Wednesday, April 29, 2009

Carz I - Can Ford Make the Fiesta Cool?

One of the car sites called it “the ultimate social media experiment.” Basically, it’s giving 100 lucky people the opportunity to take a six-month long test drive. The car won’t be available in the US until 2010, so 100 German-built cars are being used for in the Fiesta Movement campaign.

According to Ad Age, about 4,000 people applied online to take part in the program. The cars weren’t scheduled to be delivered until the first week in May, but the happy recipients are already blogging, Twittering, posting videos to YouTube—in other words, doing exactly what Ford wants them to do!
The home page of the Fiesta Movement site is a live feed of photos, Tweets, blog posts, whatever! It’s fun, and the users provide a spirit totally absent from the typical corporate site. Each “agent” has his or her own page to display all their content. There’s also a page for monthly “missions” starting in May. Road rallys, other events? It will be worth watching what they do to keep the interest up and the buzz alive! Of course, there are opportunities to share any/all of this content and a registration page if you want to be kept informed (lead generation, anyone?).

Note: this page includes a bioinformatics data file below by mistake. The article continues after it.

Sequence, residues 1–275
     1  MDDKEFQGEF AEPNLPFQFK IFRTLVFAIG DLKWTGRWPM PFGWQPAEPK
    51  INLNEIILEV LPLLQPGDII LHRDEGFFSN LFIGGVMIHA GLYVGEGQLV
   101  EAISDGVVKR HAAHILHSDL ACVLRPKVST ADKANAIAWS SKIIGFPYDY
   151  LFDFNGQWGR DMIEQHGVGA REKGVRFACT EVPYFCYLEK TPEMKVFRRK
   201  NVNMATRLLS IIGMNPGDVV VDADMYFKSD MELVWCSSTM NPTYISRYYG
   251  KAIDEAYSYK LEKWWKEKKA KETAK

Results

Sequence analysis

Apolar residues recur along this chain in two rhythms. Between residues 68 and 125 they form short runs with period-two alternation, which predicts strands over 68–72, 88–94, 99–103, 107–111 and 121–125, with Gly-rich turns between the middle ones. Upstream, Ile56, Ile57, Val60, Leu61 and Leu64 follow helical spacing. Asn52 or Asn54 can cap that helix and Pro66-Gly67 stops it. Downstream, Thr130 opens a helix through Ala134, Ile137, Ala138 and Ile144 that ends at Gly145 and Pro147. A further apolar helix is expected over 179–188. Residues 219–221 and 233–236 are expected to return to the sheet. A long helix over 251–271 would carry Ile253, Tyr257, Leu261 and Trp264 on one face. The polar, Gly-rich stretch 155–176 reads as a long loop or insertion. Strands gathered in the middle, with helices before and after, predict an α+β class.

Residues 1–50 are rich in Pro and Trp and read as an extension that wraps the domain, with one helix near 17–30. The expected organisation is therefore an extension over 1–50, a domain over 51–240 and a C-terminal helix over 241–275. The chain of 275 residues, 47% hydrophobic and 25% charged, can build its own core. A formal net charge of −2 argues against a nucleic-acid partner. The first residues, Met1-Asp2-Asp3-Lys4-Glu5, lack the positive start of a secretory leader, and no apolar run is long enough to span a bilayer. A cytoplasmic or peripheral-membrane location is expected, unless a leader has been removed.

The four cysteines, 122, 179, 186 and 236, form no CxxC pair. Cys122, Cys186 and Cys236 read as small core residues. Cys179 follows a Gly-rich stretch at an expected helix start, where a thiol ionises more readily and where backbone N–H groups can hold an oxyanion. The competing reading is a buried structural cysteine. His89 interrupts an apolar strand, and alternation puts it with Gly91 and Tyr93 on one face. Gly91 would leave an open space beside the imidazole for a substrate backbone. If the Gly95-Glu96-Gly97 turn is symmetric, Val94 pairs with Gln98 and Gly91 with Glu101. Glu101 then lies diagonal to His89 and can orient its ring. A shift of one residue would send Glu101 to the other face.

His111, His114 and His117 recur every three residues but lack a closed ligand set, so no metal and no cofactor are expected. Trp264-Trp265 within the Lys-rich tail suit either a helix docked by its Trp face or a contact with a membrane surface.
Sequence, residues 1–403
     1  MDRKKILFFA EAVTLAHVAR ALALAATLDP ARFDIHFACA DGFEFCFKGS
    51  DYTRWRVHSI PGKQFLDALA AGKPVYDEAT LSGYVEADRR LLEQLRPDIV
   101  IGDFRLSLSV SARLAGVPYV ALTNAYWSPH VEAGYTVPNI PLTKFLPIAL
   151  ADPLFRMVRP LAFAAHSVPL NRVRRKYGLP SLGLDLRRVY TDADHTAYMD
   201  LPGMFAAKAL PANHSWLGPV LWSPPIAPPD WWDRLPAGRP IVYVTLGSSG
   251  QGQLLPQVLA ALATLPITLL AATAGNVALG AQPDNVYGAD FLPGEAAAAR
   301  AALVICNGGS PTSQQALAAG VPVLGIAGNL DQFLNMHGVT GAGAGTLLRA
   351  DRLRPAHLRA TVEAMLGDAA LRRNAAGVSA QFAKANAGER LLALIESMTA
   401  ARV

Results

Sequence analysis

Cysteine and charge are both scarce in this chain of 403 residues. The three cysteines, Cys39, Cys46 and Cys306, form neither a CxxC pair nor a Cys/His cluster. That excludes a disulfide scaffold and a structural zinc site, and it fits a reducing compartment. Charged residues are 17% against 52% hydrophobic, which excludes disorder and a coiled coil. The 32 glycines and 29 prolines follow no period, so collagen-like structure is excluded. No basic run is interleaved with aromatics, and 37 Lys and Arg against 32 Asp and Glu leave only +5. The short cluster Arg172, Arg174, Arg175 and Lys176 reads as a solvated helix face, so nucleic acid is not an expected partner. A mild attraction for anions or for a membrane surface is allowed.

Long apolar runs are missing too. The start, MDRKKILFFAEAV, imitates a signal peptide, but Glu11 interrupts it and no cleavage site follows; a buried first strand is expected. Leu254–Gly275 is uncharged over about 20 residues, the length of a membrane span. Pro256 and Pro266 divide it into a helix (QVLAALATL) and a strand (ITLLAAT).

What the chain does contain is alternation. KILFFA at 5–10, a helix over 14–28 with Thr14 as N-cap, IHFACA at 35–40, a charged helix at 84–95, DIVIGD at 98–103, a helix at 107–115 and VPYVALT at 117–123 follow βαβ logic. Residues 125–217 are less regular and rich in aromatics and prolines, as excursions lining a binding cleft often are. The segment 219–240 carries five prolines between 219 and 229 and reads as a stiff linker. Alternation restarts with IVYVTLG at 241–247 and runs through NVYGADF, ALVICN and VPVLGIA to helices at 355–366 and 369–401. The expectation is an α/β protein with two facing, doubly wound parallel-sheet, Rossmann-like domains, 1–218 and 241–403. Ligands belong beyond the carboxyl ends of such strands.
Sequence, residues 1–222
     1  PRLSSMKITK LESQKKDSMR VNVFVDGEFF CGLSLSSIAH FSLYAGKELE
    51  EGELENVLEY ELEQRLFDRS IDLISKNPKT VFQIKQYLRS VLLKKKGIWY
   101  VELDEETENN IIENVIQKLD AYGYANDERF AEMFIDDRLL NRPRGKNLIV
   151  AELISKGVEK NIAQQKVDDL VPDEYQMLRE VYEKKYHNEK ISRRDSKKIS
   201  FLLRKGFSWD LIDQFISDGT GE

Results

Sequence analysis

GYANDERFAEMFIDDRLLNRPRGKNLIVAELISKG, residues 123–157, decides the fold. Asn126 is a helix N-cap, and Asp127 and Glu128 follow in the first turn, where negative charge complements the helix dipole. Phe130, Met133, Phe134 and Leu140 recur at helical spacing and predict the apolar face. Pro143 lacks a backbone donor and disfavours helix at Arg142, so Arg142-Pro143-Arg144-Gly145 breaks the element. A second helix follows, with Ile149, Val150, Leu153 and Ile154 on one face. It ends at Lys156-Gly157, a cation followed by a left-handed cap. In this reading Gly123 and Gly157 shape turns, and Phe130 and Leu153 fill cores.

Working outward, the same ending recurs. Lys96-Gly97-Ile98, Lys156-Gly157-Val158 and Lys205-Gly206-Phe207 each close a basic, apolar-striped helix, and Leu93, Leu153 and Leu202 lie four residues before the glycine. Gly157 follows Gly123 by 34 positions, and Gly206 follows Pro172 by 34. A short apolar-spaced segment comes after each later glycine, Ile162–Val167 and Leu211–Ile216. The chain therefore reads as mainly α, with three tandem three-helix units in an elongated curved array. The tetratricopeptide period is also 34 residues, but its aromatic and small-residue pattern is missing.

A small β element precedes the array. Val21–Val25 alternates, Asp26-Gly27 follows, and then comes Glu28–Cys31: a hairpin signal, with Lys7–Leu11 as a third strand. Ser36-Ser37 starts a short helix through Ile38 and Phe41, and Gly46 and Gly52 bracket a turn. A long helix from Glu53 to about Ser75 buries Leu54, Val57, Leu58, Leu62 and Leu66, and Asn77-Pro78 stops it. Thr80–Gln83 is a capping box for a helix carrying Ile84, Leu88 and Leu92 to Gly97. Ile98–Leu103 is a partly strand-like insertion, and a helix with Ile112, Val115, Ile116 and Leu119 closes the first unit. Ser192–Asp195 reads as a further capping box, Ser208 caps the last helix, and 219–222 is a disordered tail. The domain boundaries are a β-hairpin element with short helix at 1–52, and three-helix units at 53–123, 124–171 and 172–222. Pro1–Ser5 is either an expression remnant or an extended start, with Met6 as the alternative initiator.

It will also be interesting to see what Ford does in 2010 when the Fiesta is introduced in the US. Will they have a large, traditional TV advertising campaign? Or will they continue to feed off the social media foundation they are laying?

The auto brands that aren’t busy just surviving are doing interesting things to reach people in more direct, personal ways. They have long known how to generate and nurture sales leads through the conversion cycle. They are learning how to generate leads in social media. I’m willing to bet that the ROI on the social media investment (cars included) would compare favorably with that of traditional mass media advertising. Ford won’t tell, but time will. If we see more social media campaigns as the focal point of marketing strategy, we’ll know it’s not only working but that it’s cost effective.

The message seems to be getting around the industry—more to come!

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